The Phases of ROGD
By guest author: Maggie @oatsandmag
Please note: Opinions expressed in guest articles are the author’s and do not necessarily reflect positions held by the Gender Dysphoria Alliance. We have published this article as one person’s account of the ROGD phenomenon. It has not been reviewed for evidence-based accuracy.
Tracking the internal development of rapid onset gender dysphoria I recently read Donna M’s PITT article, ROGD Phases — Time for Some Definitions. The phases described were primarily concerned with external actions, such as coming out, breast binding, or cosmetic surgery. I commend Donna for taking the initiative to identify the varying stages of transition, and I would encourage the audience to read it before proceeding.
The announcement of a transgender identity does not automatically imply that a person will require hormones or surgery, necessitating various stages of transition and detransition. I’d like to contribute by describing the internal progression of one’s feelings and perceptions of gender dysphoria. Obviously, this will not apply to everyone! What I’ve written is aimed at a very specific group of identity-driven adolescents. This model does not apply to those with child onset gender dysphoria or males with autogynephillia.
As stated in the PITT article, a person may exhibit some or all of the characteristics of a phase. The stages are also not sequential, from A to 0 or from B to I. Someone could be in stage C or D while preparing for transition stage I or II. Another may be in stage F but have made no attempts to advance beyond transition stages 0 or I.
In summary, individuals may be in different “internal phases” before ever coming out as transgender or attempting to transition. Some will claim to have no dysphoria while attempting to transition medically, while others will claim to have severe dysphoria upon coming out.
Comfortable with natal sex. Connected to same sex peers. Experiences unity between perceived identity and natal sex. Believes physical appearance adequately expresses identity and personality. Does not feel othered. Content.
Event causes conflict with connecting with same sex peers. May feel distress at the separation of the sexes. Rejection of natal sex begins. Person may feel connected to tomboy or outsider narrative. May feel comfortable with sex characteristics, but uncomfortable with sex stereotypes. May express envy towards members of the opposite sex. Wavering between attraction to female or male sex stereotypes. Lack of commitment to one. May feel disconnected from the trans community or unaware of what transgender is.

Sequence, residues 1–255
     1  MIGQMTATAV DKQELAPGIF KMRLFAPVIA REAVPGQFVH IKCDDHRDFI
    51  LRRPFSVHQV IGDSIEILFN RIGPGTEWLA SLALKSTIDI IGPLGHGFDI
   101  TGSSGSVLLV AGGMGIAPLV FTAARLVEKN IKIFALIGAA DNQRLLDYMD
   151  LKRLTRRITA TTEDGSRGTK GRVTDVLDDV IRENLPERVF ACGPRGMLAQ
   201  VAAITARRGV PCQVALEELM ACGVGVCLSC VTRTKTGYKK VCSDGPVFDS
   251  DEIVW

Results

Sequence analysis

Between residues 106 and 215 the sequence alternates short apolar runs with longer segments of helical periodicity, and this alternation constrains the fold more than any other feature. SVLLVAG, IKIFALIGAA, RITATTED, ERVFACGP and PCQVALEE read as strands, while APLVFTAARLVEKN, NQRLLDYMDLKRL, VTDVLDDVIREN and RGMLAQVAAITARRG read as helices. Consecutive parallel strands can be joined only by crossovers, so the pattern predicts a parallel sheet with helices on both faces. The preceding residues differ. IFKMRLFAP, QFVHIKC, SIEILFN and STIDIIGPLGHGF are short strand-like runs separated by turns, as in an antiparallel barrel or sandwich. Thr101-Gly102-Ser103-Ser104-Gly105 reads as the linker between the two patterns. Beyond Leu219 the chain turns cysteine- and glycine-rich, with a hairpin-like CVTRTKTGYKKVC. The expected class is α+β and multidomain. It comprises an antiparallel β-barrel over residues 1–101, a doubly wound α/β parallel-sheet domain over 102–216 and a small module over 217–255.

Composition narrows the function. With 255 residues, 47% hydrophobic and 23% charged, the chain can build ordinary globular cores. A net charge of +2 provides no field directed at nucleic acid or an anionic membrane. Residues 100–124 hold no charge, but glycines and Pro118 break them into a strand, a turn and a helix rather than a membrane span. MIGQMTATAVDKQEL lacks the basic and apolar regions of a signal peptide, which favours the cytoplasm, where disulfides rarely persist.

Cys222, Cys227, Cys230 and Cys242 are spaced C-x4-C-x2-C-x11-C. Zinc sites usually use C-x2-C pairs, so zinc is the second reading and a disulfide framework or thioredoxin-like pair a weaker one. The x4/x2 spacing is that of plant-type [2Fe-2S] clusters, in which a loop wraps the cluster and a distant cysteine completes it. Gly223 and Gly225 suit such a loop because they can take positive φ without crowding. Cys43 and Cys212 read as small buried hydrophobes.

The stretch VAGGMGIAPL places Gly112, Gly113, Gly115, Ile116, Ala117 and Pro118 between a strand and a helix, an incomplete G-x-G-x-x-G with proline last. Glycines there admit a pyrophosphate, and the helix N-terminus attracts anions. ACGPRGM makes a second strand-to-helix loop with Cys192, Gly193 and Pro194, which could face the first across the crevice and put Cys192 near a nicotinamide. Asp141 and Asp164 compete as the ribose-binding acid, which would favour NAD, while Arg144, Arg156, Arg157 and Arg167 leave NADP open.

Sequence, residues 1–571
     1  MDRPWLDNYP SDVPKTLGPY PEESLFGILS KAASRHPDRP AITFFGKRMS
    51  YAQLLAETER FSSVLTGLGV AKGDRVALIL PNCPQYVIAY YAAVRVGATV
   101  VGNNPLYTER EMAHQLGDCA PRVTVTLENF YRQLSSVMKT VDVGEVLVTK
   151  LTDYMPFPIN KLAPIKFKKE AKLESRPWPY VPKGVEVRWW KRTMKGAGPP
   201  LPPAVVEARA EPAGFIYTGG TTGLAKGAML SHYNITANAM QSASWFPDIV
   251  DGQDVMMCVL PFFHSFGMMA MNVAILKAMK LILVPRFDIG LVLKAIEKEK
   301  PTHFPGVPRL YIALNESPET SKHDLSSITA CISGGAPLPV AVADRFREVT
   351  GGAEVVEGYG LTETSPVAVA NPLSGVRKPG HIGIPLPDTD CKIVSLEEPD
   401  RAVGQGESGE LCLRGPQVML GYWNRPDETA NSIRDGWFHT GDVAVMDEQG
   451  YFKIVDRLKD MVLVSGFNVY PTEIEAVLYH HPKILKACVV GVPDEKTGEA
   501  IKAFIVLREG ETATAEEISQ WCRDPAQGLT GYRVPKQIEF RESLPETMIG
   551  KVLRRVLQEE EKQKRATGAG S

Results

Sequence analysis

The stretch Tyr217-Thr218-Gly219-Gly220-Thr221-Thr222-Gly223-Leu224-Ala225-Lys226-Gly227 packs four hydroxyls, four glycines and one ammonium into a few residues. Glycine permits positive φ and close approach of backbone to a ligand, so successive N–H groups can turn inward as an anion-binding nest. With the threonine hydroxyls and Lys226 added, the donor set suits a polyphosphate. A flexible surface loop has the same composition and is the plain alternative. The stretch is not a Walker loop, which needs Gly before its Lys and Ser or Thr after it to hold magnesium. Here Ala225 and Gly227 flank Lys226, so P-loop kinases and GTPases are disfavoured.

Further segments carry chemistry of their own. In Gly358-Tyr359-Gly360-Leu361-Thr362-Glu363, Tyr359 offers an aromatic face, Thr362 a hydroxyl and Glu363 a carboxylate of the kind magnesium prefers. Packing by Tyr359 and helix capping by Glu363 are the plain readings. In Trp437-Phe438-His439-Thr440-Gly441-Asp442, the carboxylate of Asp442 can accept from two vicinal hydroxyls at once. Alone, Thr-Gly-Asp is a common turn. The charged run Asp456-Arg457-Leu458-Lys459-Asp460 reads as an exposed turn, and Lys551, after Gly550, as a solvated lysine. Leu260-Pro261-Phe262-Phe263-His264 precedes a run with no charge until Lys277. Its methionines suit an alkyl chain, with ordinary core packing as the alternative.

The idea of a new identity is attractive. May experiment. May begin to feel insecurity with sexed body. Connected to persons of same identity group, regardless of sex. May feel an attraction to LGBT culture despite being heterosexual. Frustrations with sex stereotypes are taken out upon the sexed body. May idolize members of the opposite sex. May experience sexual confusion.
New identity formation with a belief in gender identity begins. Insecure in both identity and sexed body. May dissociate from sexed body. May be hesitant to share new identity out of fear of rejection. Desire to be trans or valid enough exists until validation is received, and identity encouraged. Rejection will increase hatred of the sexed body for creating conflict in all aspects of life. Acceptance is important to the individual to feel seen. Intense desire for others to recognize new identity. Lacking assurance and clarity.
Complete rejection of natal sex. Believes physical appearance no longer reflects identity and personality. No longer comfortable with perceived identity. Does not believe the mind and body to be consistent with one another. Feels trapped by society. May alter personality or sexed body to actualize new identity. Dressing may relieve uncomfortable feelings of perceived gender dysphoria. Pleasing the identity group is very important. Analyzes what others think of their new identity. Preoccupation with other’s perceptions.
Confident in new identity. Thinks of self as trans. Feels at home in the trans community. Feels trapped in both society and natal sex. Despises sexed body due to societal expectations. Relief is obtained through modifying the body, society, and isolation to identity group. Intensively desires relationships where they are not othered. Believes biological sex and gender are both social constructs. Believes the gender identity to have an important role in one’s life. Commits to an us versus them narrative.
Republished with permission from the author. Originally published on Medium: https://medium.com/@awbreymaggie8/the-phases-of-rogd-29266b67215d
The Archetypal FTM: Sensitive, Quirky, Artistic, Weird Girls, by Laura (@detranny)
ROGD Phases — Time for Some Definitions, by Donna M
The Arc of Detransition, by Stella O’Malley (@stellaomalley3)